Since 2018, Bantam has been engaged in the early stages of a scalable, organic and adaptive development project in the rapidly revitalizing historic Hudson River township of Newburgh, New York.

A Gilded Age urban manufacturing powerhouse and hub of commerce at the turn of the 20th century, with a thriving port and retail sector, Newburgh faced the same 20th century challenges as many urban townships in the Hudson Valley and elsewhere in the Northeast: automobile-induced sprawl, systemic changes in the manufacturing and shipping industries, declines in local commerce and subsequent population loss. Newburgh also suffered more specific planning and social setbacks: Highway 87 and the Newburgh-Beacon Bridge bypassed the historic core and focused new development towards the suburbs, demolition-based renewal efforts replaced historic structures and residential neighborhoods with acres of fallow land and institutional buildings, and crime rates rose drastically as large swaths of the urban center were left abandoned.

However, over the last decade, a sporadic but accelerating revival of the waterfront and surrounding neighborhoods has been taking root, driven both by manufacturing operations relocating from NYC in search of affordable commercial real estate, and by individual homeowners attracted by the town’s architectural quality and location. With the largest historic district in the state, Newburgh’s eclectic mix of townhouse, factory and single family home typologies combine to make it one of the most architecturally dynamic and beautiful townships in the entire Northeast.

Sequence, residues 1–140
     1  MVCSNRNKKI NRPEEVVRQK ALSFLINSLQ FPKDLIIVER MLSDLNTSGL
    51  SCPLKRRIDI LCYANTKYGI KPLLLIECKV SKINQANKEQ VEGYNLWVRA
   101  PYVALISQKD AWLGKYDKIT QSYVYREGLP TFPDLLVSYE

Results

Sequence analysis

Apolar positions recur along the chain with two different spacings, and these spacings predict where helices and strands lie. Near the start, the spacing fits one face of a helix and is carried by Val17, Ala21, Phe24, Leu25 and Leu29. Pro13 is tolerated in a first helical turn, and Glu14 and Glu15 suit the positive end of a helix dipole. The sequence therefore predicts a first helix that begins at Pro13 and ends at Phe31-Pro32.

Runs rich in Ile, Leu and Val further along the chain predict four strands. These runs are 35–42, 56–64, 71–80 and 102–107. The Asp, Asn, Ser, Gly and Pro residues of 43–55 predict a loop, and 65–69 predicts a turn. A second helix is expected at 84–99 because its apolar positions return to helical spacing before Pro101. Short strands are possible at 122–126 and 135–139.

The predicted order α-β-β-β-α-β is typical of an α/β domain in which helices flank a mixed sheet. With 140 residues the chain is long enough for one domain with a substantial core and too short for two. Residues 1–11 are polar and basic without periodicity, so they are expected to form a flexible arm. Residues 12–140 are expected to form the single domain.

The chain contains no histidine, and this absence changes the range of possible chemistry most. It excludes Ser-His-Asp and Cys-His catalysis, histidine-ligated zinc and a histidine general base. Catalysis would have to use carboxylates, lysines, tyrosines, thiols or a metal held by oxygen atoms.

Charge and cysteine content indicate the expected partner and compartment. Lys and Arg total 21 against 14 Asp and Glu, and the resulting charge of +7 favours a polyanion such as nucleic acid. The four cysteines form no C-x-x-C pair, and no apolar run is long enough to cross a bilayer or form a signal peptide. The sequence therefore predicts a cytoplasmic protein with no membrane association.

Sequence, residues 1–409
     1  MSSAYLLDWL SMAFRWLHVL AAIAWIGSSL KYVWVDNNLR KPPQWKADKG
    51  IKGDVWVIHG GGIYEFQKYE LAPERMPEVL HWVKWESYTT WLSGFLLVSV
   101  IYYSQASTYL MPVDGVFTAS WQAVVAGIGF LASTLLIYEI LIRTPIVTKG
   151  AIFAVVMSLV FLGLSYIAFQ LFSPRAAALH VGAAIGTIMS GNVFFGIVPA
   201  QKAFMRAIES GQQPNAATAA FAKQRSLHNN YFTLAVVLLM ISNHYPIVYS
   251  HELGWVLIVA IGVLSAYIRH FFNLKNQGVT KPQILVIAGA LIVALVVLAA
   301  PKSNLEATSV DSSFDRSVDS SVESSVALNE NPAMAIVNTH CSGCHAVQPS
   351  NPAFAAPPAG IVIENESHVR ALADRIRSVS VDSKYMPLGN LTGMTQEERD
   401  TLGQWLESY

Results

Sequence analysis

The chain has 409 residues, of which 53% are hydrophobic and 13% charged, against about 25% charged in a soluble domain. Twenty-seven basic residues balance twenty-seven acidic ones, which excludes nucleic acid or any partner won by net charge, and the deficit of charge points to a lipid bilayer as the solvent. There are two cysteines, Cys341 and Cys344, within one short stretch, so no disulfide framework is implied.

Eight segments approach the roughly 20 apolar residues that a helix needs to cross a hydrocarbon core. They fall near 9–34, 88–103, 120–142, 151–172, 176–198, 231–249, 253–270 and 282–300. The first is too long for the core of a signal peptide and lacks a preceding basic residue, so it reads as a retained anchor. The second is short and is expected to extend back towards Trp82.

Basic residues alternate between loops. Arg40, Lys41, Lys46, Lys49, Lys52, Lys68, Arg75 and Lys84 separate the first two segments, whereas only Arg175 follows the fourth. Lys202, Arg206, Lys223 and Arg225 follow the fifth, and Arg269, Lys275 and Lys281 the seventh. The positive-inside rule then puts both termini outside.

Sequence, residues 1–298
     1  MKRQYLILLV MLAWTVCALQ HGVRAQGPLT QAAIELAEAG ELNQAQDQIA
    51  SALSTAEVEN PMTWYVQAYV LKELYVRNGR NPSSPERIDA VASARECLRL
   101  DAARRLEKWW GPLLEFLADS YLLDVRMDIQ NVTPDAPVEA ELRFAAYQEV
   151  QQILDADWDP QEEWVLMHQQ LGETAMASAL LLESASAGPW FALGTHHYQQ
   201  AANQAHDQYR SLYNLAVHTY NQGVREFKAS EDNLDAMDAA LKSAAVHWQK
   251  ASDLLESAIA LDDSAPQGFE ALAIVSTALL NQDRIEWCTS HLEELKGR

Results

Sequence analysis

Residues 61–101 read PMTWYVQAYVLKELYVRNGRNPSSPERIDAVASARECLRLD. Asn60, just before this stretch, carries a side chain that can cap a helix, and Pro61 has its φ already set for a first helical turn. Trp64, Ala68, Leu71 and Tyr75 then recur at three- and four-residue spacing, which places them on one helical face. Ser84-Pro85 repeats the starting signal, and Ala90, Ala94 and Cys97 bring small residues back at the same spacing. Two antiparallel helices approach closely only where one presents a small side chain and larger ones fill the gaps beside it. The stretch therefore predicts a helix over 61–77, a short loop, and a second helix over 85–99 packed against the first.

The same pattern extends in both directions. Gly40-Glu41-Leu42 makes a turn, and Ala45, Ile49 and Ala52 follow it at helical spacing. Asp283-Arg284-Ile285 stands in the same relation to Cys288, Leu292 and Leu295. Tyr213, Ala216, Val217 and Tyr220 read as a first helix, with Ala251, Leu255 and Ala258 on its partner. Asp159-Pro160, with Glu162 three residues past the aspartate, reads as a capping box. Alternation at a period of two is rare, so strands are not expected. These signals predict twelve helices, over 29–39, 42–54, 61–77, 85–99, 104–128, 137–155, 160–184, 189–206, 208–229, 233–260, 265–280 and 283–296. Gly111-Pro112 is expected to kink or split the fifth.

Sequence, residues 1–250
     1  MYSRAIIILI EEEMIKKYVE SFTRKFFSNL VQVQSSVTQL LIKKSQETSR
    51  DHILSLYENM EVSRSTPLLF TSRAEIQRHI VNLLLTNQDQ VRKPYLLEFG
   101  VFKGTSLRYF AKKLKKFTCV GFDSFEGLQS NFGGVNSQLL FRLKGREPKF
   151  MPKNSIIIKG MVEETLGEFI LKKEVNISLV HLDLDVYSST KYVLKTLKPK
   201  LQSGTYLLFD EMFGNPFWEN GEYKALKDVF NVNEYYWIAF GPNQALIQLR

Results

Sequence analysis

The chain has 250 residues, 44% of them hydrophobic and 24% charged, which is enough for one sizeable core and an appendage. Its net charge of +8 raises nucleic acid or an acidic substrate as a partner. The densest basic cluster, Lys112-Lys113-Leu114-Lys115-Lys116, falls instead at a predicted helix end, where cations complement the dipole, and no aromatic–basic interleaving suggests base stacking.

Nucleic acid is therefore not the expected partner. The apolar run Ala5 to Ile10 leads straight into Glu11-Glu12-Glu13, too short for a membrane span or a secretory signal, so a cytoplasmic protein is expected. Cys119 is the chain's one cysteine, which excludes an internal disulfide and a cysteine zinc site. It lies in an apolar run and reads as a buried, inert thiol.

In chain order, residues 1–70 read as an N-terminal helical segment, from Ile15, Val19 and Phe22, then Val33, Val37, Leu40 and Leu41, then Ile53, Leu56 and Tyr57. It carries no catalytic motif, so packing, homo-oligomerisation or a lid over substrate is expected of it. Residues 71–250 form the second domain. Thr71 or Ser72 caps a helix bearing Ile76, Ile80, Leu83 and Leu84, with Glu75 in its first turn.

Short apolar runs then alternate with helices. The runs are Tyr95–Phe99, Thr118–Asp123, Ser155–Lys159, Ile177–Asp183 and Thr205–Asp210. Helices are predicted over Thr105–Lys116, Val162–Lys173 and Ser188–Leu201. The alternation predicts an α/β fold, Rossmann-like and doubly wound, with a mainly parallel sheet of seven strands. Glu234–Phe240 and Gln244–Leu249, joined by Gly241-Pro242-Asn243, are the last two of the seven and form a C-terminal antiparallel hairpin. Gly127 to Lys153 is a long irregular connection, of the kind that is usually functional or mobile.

Only an hour from NYC, and with a host of local and state-sponsored programs and incentives available for restoring local buildings, Newburgh’s rebirth is under way. But the prospect of sterile or bland gentrification looms, and there are unusually significant systemic, logistical and architectural obstacles impeding the development of diverse investment projects. Bantam proposes, by leveraging expertise in design, historic preservation, permitting, construction administration and extensive boots-on-the-ground local research, to provide an opportunity for dynamic, community-based, carefully considered architectural development. Through the selection of high-impact locations, conscientious but ambitious design and programming, and in careful concert with existing community initiatives, local support and city programs, Bantam foresees the potential to realize a virtuous, rather than homogeneous, cycle of development, where neighborhood health, livability, diversity and community engagement increase with every project.

The first phase of Bantam development has been in progress since fall 2018, with construction underway at 77 Lander, an 1890 historic brick row house rebuild positioned on a corner at the center of one of the town’s most significant, and emptiest, residential neighborhoods.

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